Continuing Education for Commercial Farmers

Continuing Education Courses and Job Opportunities in Commercial Farming

Commercial farming can also be referred to as agribusiness, and it focuses on the production, processing, and distribution of farm products. Students that wish to pursue a career in commercial farming can select an area of specialization ranging from crops, animal science, or agronomy. Commercial farmers make their living by caring for their animals, harvesting crops, managing farm operations, and monitoring production of products. Agricultural supervisors function as managers and may be required to train and hire staff members, coordinate service delivery, and maintain farm-related equipment.

Typical Commercial Farming Courses

Students pursuing a career in commercial farming will need to take a variety of related coursework, some of which include:

  • Introduction to Agribusiness
  • Introduction to Animal Science
  • Agribusiness Firm Management
  • Botany
  • Consumers, Producers & Markets
  • Agricultural Production Economics
  • Agricultural Market Price Analysis
  • Diary Cattle Production
  • Accounting
  • Risk Management
  • International Trade Policies
  • Commodity Futures Markets

Job Opportunities in Commercial Farming

Students that pursue an education in commercial farming may find employment opportunities in agriculture management upon completing their program. This can include positions as managers of feed mills, agricultural cooperatives, or farms. Graduates may also obtain employment as sales representatives for merchandisers of farm supplies, such as fertilizers, agricultural supplies, and farming equipment. Individuals that take classes in business or accounting may also pursue careers as agents for cooperative extensions or educators for agricultural course work. Graduates of a commercial farming program can continue to pursue their education by visiting the American Society of Farm Managers and Rural Appraisers website.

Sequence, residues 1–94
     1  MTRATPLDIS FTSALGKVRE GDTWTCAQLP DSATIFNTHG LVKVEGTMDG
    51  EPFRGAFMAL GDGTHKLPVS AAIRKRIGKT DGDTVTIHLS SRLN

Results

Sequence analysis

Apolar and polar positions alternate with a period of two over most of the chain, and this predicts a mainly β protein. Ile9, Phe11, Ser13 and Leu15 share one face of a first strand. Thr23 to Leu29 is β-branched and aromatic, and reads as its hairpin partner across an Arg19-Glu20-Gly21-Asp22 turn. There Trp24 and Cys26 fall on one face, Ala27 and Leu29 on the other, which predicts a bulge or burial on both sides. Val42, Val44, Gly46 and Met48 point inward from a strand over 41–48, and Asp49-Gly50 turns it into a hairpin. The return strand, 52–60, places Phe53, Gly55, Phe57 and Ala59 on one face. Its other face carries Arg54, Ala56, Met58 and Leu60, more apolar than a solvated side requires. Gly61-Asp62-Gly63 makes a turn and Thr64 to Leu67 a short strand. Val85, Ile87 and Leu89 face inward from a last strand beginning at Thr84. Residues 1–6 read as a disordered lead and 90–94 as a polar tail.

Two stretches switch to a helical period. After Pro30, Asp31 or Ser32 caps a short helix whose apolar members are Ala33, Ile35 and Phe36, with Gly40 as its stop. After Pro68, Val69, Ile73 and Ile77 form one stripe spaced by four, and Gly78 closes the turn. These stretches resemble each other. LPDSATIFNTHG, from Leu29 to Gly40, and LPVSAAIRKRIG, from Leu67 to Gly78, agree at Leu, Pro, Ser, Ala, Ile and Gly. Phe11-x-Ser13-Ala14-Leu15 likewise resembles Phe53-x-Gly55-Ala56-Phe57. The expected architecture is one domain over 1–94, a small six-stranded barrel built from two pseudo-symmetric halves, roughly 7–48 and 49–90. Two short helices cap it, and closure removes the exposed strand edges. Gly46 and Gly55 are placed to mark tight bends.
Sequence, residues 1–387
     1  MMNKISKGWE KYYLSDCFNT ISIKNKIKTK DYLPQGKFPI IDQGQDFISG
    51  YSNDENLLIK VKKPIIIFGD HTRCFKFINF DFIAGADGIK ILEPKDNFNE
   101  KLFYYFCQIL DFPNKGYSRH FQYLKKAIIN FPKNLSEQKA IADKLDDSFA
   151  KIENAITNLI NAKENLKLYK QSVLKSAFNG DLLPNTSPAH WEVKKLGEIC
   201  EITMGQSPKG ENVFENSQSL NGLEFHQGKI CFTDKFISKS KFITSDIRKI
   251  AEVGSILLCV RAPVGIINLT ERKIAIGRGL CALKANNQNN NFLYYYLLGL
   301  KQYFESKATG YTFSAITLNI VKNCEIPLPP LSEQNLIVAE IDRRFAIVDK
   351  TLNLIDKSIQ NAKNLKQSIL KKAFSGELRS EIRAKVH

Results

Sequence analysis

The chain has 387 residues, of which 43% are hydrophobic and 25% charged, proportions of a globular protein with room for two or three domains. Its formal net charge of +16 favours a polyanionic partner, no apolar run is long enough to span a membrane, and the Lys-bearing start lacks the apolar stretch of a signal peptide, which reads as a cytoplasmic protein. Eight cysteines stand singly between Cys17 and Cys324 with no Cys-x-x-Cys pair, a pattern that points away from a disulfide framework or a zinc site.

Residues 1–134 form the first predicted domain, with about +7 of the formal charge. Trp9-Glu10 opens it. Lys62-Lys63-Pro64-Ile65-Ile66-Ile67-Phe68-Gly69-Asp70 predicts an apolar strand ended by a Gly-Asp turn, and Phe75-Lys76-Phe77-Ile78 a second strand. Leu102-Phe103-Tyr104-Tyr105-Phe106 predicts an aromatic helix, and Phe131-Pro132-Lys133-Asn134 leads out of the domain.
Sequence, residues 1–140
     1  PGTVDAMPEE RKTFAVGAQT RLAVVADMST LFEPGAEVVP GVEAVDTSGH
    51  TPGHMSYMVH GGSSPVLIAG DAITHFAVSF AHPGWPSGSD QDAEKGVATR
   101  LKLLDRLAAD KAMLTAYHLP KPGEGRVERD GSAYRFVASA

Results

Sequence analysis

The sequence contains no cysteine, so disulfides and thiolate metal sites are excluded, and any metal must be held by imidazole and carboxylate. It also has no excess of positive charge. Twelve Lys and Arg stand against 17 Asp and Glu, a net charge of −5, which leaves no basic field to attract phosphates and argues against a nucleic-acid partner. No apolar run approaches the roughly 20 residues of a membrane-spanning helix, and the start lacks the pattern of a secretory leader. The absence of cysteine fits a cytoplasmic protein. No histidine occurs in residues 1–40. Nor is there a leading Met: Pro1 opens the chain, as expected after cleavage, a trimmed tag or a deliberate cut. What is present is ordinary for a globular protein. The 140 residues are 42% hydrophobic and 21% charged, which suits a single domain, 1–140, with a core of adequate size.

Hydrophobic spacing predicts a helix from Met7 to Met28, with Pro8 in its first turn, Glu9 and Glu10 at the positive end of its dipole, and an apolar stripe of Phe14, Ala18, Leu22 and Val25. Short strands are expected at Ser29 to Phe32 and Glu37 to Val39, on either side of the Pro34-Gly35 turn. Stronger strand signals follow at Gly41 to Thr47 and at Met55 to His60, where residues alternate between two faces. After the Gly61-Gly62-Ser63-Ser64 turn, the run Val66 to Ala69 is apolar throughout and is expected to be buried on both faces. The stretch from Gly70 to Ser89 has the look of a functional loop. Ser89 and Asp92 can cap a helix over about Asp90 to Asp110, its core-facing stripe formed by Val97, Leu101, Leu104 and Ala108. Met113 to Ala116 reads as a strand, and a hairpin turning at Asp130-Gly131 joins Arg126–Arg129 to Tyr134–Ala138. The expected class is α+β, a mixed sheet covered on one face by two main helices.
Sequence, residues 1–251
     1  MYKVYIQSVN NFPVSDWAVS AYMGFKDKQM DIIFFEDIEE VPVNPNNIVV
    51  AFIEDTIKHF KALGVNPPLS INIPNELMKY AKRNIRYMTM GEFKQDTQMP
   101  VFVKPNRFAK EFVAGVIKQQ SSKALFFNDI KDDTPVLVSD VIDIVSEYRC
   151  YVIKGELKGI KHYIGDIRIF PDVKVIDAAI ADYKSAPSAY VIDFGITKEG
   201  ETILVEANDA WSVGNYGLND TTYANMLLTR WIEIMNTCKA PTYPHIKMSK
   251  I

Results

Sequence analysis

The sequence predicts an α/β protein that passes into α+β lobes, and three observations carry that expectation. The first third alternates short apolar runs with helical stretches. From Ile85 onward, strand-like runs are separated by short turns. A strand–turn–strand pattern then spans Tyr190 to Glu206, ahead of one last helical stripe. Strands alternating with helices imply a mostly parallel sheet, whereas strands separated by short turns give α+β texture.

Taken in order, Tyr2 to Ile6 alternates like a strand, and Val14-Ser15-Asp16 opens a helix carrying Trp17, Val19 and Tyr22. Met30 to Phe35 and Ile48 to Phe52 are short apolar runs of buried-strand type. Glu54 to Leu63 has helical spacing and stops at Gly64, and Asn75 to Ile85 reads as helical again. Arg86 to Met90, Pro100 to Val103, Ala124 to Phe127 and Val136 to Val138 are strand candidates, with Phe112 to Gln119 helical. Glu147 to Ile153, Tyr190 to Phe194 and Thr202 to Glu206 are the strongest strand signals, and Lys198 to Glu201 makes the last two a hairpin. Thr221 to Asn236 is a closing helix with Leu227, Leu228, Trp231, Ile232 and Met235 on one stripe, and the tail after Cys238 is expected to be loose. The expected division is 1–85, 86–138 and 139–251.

Career Outlook for Commercial Farming

In recent years, the farming profession has declined. However, farmers are beginning to find greater successes in smaller niche markets that focus on providing exceptional and personalized service to their customers. Aquaculture, organic food production, and cooperatives are areas that have seen significant growth. It is expected that a demand for managers in horticulture markets will also rise in the coming years.

Average Salary in Commercial Farming

According to the U.S. Bureau of Labor Statistics, the median annual salary for farmers and ranchers is $32,350. The median annual salary for farm, ranch, and other agricultural managers is $59,450. However, since many commercial farmers are self-employed, the amount of profits that make can vary. Profits can also be affected by weather conditions and changing prices of crops and products.

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